1. Create visibility and agility throughout your supply network

In order to adapt quickly to change you need visibility across your entire supply chain, and especially your logistics network. When the virus hit one of its region particularly hard, for example, Land O’Lakes saw clearly where it could shift volume from one distribution center to another to sidestep the hot spot. Without a real-time view of its supply chain and logistics operations, including an up-to-the-minute accounting of inventory, such speedy adaptation would have been out of the question.

Meanwhile, Sonoco quickly pivoted two of its idled packaging factories over to making face shields for medical equipment customers, producing more than 1.5 million in short order. “We went from not even knowing what a face shield was to producing 6 million shields in our plants in Chicago and Mexico,” says Roger Schrum, Sonoco vice president of investor relations and corporate affairs.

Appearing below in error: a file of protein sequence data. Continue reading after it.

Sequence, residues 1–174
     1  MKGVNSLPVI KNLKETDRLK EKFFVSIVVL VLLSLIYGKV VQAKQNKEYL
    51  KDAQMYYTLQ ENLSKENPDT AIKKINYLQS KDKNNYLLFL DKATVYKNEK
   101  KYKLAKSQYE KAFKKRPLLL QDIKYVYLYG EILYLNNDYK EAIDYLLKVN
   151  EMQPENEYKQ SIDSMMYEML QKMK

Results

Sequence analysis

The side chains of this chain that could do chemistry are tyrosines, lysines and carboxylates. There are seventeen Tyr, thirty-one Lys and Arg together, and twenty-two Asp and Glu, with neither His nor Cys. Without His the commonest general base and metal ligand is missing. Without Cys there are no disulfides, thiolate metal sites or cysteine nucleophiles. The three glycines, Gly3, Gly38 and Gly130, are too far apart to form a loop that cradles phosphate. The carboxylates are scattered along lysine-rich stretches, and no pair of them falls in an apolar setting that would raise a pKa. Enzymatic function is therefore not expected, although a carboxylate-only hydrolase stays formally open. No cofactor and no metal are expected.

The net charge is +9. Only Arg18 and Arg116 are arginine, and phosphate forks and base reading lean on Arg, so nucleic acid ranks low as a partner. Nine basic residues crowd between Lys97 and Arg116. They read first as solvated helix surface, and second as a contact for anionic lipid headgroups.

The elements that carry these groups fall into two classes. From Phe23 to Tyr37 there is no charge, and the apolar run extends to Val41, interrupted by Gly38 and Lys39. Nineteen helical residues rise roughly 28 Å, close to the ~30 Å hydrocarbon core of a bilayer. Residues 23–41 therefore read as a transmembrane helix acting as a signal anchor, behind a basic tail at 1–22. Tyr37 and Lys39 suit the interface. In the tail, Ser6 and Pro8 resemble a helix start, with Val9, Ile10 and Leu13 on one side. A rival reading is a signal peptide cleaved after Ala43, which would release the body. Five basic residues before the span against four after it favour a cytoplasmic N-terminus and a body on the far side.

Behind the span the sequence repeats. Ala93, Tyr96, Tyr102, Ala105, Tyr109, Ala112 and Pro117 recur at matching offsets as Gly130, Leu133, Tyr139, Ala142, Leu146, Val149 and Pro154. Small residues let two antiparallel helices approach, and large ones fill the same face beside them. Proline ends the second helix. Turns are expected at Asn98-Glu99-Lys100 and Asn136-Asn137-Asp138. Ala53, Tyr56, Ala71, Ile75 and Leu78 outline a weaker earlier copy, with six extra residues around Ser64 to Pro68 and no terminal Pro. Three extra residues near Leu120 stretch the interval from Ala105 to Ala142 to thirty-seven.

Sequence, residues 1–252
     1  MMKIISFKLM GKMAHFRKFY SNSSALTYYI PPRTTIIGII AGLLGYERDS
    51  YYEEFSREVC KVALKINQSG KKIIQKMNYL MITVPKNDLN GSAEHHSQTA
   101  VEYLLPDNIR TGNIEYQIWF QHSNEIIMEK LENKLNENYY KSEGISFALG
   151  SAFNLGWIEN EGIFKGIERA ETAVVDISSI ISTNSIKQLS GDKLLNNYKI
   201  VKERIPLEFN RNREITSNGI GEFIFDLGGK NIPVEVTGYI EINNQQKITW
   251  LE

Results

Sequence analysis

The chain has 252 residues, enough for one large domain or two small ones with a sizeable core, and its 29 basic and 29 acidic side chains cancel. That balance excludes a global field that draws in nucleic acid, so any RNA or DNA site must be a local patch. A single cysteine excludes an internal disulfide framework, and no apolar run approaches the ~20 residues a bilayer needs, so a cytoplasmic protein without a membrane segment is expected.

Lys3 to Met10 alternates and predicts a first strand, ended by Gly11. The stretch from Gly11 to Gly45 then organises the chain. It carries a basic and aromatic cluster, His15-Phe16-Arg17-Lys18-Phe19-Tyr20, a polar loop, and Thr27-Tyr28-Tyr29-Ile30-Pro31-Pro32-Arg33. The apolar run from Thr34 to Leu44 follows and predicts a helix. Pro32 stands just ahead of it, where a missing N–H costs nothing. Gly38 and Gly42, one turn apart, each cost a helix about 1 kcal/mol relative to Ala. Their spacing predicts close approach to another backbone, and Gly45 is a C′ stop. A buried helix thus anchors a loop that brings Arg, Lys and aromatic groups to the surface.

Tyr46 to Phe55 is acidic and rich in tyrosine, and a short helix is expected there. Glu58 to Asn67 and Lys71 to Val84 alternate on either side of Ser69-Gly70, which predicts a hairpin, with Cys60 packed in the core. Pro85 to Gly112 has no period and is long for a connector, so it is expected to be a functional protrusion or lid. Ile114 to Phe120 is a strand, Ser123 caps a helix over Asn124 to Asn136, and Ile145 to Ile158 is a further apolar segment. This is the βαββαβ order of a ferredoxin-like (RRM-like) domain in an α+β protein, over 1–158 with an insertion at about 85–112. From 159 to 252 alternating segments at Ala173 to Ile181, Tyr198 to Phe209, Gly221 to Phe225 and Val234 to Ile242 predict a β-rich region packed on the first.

2. Develop scenario planning capabilities

Modeling your logistics network is a smart way to equip your business to respond decisively to rapid shifts in market conditions. Running what-if scenarios and drafting contingency plans will enable you to choose the best course of action in the face of a sudden disruption or emergency.

At Land O’Lakes, supply teams quickly adapted to the outbreak by working closely with other parts of the business to evaluate options. “Once we aligned on our best estimates – an optimistic scenario, a pessimistic scenario – we built supply chain strategies around those,” says Braun.